In the meantime, there was confusion outside: as previously noted, some practitioners were not accepting registrations because they were waiting to see how things developed, nobody was sure how they were to be paid, and in any case, officially the Board had no money! At the outset it had appeared to be quite simple: establish how payments were made in England, and adopt the same conditions. To take the case of general practitioners, however, it transpired that in England there were different schemes according to the nature of the practice area. Douglas could hardly be classed as rural, but could not be compared to London or Birmingham, while Ballaugh and Sulby (and one might be surprised to learn that at that time there were two doctors in practice there) were not really rural compared to some areas such as in Norfolk. This problem, which affected the Mileage Fund, part of the doctors' remuneration, developed into a long-running source of discontent.

As in England, the public had not been slow to respond to the advantages offered. Popular cartoons of the time featured scenes where everybody in sight had glasses and sparkling dentures. Tynwald was told of an old man whose toothless gums had hardened over the years to the extent that he could chew turnips. He had visited a dentist and been fitted with a complete set of upper and lower dentures, which were now proudly displayed on the mantelpiece! There is the well established story of the man who, immediately on the scheme starting, had visited five doctors, and being given a prescription by each, had requested the chemist to dispense the best one!

When the eventual question of financing the Service arose, it gave rise to considerable disquiet. Tynwald voted, on 10th. August, an interim payment of 20,000; then, on 20th. October, it was asked for a further 88,000. At this stage, it was pointed out by the members that they had been told the cost would be about 100,000 a year, whereas now they were faced with a total of 108,000 for nine months. This was as nothing to the consternation in Tynwald on 16th. February, 1949, when the Board had to request a further 89,200, to cover the nine months of operation to 31st. March, making a total of 197,200, which would seem to indicate that the cost for a full year could have been 263,000. The figures given were revealing as to the unforeseen extent to which the public had taken the Service to their hearts. In the first six months to 31st. December, 1948, 116,294 prescriptions, mainly issued by the 32 doctors, had been dispensed by the 40 chemists at a cost of 19,249/18/6d., an average of 3/4d. The 16, shortly increased to 17, dentists had completed 7,190 cases, costing 29,436/15/6d., averaging 4/5/4d. a case, and the 10 opticians had dealt with 2,783 cases at a cost of 6,229/10/6d., an average of 2/4/9d.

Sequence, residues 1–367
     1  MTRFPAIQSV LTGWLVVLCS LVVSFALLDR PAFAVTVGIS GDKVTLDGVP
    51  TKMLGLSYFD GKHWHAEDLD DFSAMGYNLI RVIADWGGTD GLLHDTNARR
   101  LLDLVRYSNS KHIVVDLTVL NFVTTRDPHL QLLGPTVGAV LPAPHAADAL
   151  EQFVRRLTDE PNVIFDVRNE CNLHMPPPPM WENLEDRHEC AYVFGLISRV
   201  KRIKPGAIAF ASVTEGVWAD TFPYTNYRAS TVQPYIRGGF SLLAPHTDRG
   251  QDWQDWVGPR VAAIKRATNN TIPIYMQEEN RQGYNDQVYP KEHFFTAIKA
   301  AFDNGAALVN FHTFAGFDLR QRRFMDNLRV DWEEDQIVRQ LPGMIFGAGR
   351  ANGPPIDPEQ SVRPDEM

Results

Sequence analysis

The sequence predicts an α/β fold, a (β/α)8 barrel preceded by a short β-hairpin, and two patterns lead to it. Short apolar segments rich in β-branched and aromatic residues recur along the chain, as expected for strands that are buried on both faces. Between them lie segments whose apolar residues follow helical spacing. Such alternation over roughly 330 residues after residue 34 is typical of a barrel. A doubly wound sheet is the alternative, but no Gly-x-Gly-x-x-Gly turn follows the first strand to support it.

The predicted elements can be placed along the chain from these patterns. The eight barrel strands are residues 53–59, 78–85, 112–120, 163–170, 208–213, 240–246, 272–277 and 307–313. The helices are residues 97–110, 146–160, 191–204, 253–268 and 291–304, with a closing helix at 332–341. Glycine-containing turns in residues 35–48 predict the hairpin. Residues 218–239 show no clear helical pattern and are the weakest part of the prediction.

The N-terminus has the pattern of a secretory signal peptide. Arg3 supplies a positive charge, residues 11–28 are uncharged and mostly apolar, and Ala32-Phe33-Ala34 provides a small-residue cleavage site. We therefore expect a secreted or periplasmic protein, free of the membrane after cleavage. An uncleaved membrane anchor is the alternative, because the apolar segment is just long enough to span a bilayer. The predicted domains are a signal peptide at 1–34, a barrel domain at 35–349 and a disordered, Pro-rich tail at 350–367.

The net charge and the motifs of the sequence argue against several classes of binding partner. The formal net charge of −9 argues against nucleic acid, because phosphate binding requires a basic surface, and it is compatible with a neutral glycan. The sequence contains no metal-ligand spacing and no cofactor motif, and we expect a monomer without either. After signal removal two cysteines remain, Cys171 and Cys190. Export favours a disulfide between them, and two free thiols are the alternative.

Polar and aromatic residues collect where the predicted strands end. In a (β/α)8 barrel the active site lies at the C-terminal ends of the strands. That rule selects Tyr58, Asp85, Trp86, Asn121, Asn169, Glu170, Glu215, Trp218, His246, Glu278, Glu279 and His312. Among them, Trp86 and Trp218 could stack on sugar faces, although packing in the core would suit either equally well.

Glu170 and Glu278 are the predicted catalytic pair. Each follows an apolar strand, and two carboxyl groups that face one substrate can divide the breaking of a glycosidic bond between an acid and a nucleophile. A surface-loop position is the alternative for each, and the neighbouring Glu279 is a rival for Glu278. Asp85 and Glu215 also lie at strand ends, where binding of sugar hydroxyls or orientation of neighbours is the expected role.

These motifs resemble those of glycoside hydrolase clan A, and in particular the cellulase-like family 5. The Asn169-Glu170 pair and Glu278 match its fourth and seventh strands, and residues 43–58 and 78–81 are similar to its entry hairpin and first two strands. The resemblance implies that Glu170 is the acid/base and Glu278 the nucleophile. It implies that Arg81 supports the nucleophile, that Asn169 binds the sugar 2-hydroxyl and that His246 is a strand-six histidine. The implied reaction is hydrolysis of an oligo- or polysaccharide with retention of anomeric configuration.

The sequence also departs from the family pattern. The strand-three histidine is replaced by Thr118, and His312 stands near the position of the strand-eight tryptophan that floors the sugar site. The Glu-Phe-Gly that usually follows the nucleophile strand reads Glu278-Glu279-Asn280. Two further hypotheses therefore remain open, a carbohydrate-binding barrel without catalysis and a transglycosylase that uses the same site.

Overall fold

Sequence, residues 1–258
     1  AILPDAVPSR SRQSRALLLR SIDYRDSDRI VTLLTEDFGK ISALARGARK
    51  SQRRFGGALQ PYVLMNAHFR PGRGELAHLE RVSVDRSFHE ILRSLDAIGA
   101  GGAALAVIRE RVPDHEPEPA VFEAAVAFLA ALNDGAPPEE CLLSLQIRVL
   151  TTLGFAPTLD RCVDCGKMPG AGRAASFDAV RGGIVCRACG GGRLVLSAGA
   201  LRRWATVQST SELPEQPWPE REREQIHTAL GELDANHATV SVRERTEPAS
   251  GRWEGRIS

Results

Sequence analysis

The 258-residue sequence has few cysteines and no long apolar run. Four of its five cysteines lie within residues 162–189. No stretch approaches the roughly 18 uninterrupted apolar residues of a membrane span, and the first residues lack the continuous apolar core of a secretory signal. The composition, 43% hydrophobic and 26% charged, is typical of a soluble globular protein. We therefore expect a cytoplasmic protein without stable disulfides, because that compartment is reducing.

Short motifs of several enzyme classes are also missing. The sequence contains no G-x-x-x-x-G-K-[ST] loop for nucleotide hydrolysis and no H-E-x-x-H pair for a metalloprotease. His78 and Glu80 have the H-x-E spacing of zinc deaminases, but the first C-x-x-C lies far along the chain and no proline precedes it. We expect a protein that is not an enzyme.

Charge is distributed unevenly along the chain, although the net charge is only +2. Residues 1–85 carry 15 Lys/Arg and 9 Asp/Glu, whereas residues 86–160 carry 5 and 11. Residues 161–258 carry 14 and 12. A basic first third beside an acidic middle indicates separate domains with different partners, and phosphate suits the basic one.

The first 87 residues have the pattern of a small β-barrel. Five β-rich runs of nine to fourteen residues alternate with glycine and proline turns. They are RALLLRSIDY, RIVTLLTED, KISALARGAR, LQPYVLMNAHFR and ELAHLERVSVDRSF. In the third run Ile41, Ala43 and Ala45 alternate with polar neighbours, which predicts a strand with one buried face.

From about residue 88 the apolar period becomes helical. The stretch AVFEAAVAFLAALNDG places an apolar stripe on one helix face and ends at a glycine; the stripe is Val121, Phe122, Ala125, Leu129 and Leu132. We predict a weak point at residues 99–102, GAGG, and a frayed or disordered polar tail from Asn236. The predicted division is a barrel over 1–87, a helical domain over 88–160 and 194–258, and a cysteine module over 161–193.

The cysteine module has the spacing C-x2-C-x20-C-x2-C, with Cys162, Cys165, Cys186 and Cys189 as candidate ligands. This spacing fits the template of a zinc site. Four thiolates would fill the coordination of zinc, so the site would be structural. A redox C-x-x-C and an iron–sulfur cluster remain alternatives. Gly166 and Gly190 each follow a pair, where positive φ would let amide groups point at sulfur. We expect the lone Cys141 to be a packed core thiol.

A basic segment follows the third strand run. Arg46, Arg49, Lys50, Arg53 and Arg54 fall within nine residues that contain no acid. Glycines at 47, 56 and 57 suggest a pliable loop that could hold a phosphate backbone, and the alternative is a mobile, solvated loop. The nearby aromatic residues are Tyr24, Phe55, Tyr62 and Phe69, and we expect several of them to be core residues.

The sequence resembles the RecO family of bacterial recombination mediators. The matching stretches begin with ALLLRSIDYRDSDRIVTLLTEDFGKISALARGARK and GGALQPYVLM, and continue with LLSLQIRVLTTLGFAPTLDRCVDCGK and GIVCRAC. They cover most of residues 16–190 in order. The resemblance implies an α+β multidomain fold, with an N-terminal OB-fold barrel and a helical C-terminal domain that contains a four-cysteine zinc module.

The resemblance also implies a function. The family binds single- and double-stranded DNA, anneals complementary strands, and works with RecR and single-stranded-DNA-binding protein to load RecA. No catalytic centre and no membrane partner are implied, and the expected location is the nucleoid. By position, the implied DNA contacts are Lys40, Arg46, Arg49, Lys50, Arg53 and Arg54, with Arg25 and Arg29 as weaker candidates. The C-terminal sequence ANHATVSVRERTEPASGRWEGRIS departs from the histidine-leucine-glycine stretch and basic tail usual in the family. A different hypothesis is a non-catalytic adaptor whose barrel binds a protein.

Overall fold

The members had to console themselves with the fact that now the Service was in operation, much heralded as its undoubted virtues had been, they had no option but to go forward in hope that, as had been foretold, the cost would start to diminish. This hardly prepared them for the revelation, at their Estimates Meeting on 26th. April, 1949, that the cost for the first full year to 31st. March, 1950, was estimated to be 454,668!